The effect of Thiboutot is to make available a remedy for violations of federal law against state action in a manner analogous to implied private rights of action. The inquiry under § 1983, however, is distinct from the analysis used to determine whether a private right of action should be judicially implied. In order to establish an implied private right of action under a federal statute, a plaintiff must demonstrate a congressional intention to provide for private enforcement of the statute. See Merrill Lynch, Pierce, Fenner Smith, Inc. v. Curran, 456 U.S. 353, 377-78, 102 S.Ct. 1825, 1838-39, 72 L.Ed.2d 182 (1982); Cort v. Ash, 422 U.S. 66, 78, 95 S.Ct. 2080, 2087, 45 L.Ed.2d 26 (1975). Section 1983 provides an express remedy against violations of federal law by state officials, and Congress is "presumed to legislate against the background of section 1983 and thus to contemplate private enforcement of the relevant statute. . . ." Samuels, 770 F.2d at 194; see also Keaukaha-Panaewa Community Association v. Hawaiian Homes Commission, 739 F.2d 1467, 1470 (9th Cir. 1984); Ryans v. New Jersey Commission for the Blind and Visually Impaired, 542 F. Supp. 841, 846-47 (D.N.J. 1982).
Nevertheless, the inquiry under § 1983 is similar to the analysis of implied private rights of action, since in each instance a party must demonstrate the existence of a federal right which may be judicially enforced. See Curran, 456 U.S. at 376-78, 102 S.Ct. at 1838-39; Sea Clammers, 453 U.S. at 19, 101 S.Ct. at 2625; Cort, 442 U.S. at 78, 95 S.Ct. at 2087; see also Polchowski v. Gorris, 714 F.2d 749, 751 (7th Cir. 1983). In Cort v. Ash, the Court considered four factors in determining whether a private right of action is to be implied under a federal statute:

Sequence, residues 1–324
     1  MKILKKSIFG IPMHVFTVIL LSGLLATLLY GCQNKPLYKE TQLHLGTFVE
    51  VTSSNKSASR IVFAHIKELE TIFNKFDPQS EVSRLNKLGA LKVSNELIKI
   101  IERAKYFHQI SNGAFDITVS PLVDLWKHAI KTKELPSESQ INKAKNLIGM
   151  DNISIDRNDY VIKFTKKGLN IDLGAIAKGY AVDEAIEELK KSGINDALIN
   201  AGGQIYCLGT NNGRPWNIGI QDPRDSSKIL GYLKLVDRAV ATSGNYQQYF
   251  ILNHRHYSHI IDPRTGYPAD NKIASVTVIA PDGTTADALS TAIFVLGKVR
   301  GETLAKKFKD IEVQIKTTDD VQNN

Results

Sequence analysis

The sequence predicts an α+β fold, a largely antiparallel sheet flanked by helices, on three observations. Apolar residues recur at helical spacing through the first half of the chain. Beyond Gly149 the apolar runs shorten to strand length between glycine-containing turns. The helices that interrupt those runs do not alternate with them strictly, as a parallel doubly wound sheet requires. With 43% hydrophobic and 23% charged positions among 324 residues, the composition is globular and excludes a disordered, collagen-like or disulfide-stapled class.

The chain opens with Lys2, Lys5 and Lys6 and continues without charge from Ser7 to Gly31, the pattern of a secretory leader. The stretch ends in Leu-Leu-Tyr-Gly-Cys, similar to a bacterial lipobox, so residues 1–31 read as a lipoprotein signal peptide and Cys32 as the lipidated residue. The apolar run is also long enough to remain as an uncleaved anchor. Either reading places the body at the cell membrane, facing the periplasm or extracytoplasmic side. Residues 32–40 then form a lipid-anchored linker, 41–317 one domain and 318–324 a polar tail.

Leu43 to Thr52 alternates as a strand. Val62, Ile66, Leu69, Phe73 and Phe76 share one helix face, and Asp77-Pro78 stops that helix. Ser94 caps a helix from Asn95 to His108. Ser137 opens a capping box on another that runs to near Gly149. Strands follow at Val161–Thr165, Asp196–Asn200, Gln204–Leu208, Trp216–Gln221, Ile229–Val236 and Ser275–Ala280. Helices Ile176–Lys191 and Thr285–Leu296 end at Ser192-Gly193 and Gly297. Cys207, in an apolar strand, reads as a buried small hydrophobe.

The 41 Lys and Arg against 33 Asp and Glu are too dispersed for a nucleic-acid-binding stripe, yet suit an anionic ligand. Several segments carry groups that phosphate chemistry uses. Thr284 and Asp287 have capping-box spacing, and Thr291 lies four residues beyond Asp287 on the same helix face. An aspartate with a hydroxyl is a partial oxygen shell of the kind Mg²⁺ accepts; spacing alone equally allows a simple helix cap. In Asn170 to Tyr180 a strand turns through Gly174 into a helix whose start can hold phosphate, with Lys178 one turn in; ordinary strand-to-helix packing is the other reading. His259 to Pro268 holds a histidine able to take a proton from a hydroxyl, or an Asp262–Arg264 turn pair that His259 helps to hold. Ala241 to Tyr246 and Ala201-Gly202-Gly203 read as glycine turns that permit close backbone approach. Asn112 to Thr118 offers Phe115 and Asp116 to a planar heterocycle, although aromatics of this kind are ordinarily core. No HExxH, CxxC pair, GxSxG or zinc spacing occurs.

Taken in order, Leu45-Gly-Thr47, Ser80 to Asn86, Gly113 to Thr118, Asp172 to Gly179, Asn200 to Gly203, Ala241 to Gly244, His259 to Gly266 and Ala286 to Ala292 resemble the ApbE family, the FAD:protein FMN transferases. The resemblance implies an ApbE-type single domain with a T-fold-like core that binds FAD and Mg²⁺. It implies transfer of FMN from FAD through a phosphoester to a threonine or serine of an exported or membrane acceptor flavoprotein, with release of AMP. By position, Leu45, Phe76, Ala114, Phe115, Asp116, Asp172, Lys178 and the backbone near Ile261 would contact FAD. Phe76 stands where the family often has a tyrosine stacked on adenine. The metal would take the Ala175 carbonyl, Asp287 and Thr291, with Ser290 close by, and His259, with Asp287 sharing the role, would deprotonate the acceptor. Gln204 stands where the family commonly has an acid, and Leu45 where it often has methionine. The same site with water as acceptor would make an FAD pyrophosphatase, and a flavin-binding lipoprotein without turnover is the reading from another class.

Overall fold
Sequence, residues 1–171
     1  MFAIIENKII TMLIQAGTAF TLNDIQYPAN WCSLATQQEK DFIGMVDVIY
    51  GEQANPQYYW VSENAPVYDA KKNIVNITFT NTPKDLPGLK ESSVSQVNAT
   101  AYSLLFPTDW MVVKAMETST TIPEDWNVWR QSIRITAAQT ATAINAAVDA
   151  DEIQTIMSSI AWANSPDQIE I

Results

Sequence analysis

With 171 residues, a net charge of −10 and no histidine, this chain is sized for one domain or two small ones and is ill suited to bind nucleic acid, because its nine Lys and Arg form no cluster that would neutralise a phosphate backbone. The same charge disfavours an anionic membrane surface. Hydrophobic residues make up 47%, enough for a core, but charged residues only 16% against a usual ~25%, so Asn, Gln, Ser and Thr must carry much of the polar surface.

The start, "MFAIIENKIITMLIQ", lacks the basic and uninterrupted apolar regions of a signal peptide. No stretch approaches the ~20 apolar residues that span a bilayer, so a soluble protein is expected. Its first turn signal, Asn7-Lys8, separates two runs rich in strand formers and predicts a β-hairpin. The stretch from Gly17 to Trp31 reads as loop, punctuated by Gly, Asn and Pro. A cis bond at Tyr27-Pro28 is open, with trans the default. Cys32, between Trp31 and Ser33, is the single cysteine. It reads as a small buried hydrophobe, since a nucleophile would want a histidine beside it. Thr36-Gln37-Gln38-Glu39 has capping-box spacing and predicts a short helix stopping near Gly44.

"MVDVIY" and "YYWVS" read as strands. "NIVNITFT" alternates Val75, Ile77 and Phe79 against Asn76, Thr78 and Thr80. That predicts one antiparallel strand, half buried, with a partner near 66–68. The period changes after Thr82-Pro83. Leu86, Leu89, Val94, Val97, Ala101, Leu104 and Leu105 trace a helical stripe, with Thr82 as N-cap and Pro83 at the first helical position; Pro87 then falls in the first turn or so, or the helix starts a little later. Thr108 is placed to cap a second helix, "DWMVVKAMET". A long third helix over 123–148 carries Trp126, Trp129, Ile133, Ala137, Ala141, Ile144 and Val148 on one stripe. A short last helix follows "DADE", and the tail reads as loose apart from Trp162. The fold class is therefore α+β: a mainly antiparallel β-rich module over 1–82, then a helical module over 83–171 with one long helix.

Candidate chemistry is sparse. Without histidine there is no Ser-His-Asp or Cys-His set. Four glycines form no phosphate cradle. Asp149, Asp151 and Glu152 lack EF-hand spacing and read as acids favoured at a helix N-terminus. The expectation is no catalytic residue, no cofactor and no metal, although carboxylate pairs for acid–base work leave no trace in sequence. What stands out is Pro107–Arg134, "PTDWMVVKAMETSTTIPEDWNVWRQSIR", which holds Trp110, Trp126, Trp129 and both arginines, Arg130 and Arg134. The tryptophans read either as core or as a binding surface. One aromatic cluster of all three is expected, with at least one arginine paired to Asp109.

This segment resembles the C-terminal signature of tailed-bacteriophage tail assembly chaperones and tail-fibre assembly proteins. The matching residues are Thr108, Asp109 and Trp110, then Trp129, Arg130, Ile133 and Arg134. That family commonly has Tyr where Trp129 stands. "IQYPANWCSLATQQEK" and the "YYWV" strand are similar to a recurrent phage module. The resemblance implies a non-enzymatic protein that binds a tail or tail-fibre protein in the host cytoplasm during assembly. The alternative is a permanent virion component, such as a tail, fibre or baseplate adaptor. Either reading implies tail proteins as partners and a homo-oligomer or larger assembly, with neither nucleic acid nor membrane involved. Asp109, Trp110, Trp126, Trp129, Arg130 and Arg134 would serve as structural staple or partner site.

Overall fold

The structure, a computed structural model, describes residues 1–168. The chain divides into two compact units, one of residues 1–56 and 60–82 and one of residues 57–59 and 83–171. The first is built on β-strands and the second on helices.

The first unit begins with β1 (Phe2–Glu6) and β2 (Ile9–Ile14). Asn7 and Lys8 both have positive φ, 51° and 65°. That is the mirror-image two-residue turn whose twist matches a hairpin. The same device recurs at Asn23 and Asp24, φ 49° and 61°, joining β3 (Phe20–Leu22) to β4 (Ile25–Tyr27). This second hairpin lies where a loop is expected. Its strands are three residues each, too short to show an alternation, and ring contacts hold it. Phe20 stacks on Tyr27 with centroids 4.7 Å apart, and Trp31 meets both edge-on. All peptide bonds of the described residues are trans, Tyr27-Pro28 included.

First, is the plaintiff "one of the class for whose especial benefit the statute was enacted," . . . that is, does the statute create a federal right in favor of the plaintiff? Second, is there any indication of legislative intent, explicit or implicit, either to create such a remedy or to deny one? . . . Third, is it consistent with the underlying purposes of the legislative scheme to imply such a remedy for the plaintiff? . . . And finally, is the cause of action one traditionally relegated to state law, in an area basically the concern of the States, so that it would be inappropriate to infer a cause of action based solely on federal law?422 U.S. at 78, 95 S.Ct. at 2088 (citations omitted). The Court has emphasized in subsequent cases that these factors are primarily indications of legislative intent. See, e.g., Curran, 456 U.S. at 377-78, 102 S.Ct. at 1838-39; Touche Ross Co. v. Redington, 442 U.S. 560, 575-76, 99 S.Ct. 2479, 2488-89, 61 L.Ed.2d 82 (1979). The first of the Cort factors, the especial benefit test, specifically concerns the question whether a federal right has been created.